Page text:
Wednesday, March 01, 2000

Schools' grades higher on latest report cards

Enquirer Columbus Bureau

        COLUMBUS — State school superintendent Susan Tave Zelman says the new batch of school report cards show Ohio's schools are improving.

        Dr. Zelman's remarks Tuesday were her first since the state mailed report cards to about 1.7 million parents. Despite her praise, results of last year's student testing show only 30 of the state's 607 school districts met all 27 state standards for a quality education.

  • Grades for area districts
  • All report cards are online at
        The report cards were mailed to parents Monday, accompanied by renewed condemnations from critics who consider them inaccurate. Some school administrators who have tax issues before voters also complained, saying the state's bad marks won't help them win at the polls March 7.

        Dr. Zelman said many schools' test results have improved since 1998.

        “These results, while showing us that so much more needs to be accomplished, remind us that a lot of talented educators are working hard,” Dr. Zelman said. “They are getting results, and

        they are taking our new performance standards seriously.”

        Although 30 school districts achieved the state's highest rating of “effective,” Dr. Zelman said only six hit that level in 1998. The number of districts listed under “continuous improvement” went up to 377 districts from 278 in 1998.

        There also are 77 fewer school districts under “academic watch.” The number of schools ranked as “academic emergencies” dropped to 69 districts from 115 in 1998.

        Cincinnati Public Schools were again listed as one of those “academic emergencies,” having met six of the state's 27 standards.

        Volunteers campaigning to pass two CPS issues on the March 7 ballot hope voters will look past the grade and see the district is improving. CPS seeks two levies totaling nearly $104 million a year, which would decrease class size, repair buildings, expand reading and math programs, and fund other operating expenses.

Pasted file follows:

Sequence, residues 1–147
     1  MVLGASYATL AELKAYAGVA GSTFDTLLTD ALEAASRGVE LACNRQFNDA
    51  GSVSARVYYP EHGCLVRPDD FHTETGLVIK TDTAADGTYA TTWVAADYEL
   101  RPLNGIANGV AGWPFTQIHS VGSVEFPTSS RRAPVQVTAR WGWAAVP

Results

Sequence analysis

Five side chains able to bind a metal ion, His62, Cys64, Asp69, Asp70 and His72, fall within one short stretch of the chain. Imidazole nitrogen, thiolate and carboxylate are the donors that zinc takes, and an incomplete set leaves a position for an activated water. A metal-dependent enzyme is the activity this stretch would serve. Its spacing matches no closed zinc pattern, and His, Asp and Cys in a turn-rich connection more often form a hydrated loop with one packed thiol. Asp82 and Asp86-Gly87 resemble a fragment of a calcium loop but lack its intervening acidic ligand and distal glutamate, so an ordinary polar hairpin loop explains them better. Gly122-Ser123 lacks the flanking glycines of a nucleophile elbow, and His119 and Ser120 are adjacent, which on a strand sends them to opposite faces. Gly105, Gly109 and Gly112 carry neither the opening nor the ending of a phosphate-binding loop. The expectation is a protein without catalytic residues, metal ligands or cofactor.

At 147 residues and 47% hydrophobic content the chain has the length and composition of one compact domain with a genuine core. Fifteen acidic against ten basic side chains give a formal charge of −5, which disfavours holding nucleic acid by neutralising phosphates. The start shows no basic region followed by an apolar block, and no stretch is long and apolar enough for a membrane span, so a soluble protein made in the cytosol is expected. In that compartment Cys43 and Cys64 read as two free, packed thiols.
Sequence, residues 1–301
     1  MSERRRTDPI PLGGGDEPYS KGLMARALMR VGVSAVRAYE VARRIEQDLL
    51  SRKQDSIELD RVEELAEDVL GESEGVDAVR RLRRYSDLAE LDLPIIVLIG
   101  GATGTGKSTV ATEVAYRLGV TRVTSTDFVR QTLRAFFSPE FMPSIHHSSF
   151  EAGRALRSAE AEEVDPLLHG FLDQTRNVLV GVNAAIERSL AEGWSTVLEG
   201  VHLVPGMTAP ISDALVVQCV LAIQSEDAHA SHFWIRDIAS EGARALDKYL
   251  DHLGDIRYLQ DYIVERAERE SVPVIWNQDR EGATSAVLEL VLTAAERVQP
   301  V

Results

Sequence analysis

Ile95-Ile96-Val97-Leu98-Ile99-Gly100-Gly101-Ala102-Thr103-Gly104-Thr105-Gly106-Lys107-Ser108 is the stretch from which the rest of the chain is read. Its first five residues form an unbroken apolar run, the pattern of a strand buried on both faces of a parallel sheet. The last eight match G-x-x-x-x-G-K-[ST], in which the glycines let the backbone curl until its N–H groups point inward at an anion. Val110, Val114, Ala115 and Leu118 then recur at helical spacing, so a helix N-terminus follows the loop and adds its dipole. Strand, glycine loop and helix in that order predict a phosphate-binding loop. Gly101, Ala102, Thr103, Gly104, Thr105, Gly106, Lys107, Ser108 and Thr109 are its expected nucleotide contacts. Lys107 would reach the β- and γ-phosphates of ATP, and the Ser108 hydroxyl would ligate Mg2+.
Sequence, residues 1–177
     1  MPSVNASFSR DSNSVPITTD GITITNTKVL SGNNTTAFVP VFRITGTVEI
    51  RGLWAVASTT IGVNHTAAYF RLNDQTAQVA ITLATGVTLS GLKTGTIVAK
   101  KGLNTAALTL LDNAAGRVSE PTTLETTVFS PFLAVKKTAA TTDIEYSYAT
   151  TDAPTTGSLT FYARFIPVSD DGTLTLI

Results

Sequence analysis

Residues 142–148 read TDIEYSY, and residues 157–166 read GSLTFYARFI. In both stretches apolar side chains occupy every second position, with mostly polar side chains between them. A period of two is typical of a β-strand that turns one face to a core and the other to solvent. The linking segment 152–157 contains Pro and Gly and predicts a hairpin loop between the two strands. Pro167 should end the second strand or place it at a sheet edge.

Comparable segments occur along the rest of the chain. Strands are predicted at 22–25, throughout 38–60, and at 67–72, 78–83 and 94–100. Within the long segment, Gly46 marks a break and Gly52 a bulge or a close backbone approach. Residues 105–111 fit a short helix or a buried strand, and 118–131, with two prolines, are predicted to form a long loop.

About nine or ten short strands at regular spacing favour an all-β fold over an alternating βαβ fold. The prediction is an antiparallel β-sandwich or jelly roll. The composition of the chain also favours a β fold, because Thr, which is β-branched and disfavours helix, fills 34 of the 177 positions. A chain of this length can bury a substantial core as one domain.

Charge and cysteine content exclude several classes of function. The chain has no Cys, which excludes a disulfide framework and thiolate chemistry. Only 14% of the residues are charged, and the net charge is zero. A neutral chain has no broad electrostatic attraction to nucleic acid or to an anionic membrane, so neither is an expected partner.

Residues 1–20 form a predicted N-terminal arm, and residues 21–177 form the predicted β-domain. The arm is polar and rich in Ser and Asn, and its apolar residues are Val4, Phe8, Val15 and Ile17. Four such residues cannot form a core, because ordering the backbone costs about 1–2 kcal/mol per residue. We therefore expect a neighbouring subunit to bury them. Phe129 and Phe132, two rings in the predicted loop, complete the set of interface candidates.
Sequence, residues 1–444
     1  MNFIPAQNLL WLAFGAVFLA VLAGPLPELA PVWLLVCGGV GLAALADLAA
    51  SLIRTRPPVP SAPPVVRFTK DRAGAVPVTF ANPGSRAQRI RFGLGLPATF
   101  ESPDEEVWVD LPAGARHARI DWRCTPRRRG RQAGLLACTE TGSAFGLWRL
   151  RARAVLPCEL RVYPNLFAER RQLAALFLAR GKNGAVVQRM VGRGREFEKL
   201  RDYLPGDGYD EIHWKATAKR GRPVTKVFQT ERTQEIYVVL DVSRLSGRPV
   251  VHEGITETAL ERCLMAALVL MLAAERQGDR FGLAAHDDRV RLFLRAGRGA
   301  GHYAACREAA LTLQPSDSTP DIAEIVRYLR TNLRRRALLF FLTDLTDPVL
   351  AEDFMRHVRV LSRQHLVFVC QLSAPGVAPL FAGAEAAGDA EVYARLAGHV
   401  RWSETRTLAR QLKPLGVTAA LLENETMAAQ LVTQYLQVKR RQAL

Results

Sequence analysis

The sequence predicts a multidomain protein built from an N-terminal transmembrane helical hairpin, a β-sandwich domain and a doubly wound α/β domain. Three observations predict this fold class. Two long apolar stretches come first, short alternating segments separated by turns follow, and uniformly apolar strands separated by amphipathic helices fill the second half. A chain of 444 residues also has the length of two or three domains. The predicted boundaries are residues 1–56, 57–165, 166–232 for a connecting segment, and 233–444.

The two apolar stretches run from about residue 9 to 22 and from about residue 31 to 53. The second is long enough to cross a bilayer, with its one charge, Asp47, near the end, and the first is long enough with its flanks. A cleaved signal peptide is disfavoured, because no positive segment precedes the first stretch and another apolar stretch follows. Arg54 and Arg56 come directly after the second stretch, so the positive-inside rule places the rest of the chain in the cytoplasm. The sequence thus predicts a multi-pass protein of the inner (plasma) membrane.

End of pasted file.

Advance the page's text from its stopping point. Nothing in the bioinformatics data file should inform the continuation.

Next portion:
“I would hope that we are dealing with people who understand we are working on the problem,” said Bob Brown, president of Cincinnatians Active to Support Education, (CASE), the political action committee working to pass the levies.

        The timing problem was created when state lawmakers moved the election from May to March so that Ohio would take part in the Super Tuesday presidential primaries.

        Other area school districts with issues on the ballot seem unconcerned.

        While “continuous improvement” is not the highest rating, Three Rivers Schools Superintendent Richard Scherer and Lakota Schools Superintendent Kathy Klink said it's better than average.

        “It's difficult for any district to be (ranked) Effective ” Mr. Scherer said.

        The report cards could actually help Madeira Schools pass its 8.9-mill continuing levy, which would raise $1.6 million a year to cover higher operating costs. Madeira is one of the few districts Ohio considers “effective.”

        “It supports our assertion that we have a record of excellence,” said Madeira Superintendent Michele Hummel. “For us it was very helpful.”

        While administrators weigh the effects on their levies, some critics of the report cards chose this weekend's mass mailing to speak out.

        One of those critics is Randy Hoover, a Youngstown State University education professor. Mr. Hoover released a study that he says shows 64 percent of a student's grade on the state test is related to factors that teachers cannot control, such as family income, property values and poverty levels.

        Dr. Zelman said she disagrees with Mr. Hoover's findings.

        “Clearly, what I think his study is suggesting is that some students cost more to educate than other students,” she said. “However, my goal is that we do not have a set of standards for poor kids and a set of standards for rich kids. We need one high-quality set of standards for all children.”


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